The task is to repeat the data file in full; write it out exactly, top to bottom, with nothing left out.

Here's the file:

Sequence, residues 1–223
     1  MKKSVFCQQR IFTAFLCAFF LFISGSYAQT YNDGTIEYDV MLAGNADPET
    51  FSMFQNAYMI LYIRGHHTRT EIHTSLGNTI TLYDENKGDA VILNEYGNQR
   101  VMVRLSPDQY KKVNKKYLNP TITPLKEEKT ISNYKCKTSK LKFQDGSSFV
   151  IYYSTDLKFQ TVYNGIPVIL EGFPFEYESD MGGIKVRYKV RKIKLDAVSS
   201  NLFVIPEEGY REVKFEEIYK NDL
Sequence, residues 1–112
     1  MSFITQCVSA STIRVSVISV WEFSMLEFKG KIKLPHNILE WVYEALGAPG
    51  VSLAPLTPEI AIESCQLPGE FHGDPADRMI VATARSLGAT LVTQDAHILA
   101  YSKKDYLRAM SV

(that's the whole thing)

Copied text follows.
Sequence, residues 1–223
     1  MKKSVFCQQR IFTAFLCAFF LFISGSYAQT YNDGTIEYDV MLAGNADPET
    51  FSMFQNAYMI LYIRGHHTRT EIHTSLGNTI TLYDENKGDA VILNEYGNQR
   101  VMVRLSPDQY KKVNKKYLNP TITPLKEEKT ISNYKCKTSK LKFQDGSSFV
   151  IYYSTDLKFQ TVYNGIPVIL EGFPFEYESD MGGIKVRYKV RKIKLDAVSS
   201  NLFVIPEEGY REVKFEEIYK NDL
Sequence, residues 1–112
     1  MSFITQCVSA STIRVSVISV WEFSMLEFKG KIKLPHNILE WVYEALGAPG
    51  VSLAPLTPEI AIESCQLPGE FHGDPADRMI VATARSLGAT LVTQDAHILA
   101  YSKKDYLRAM SV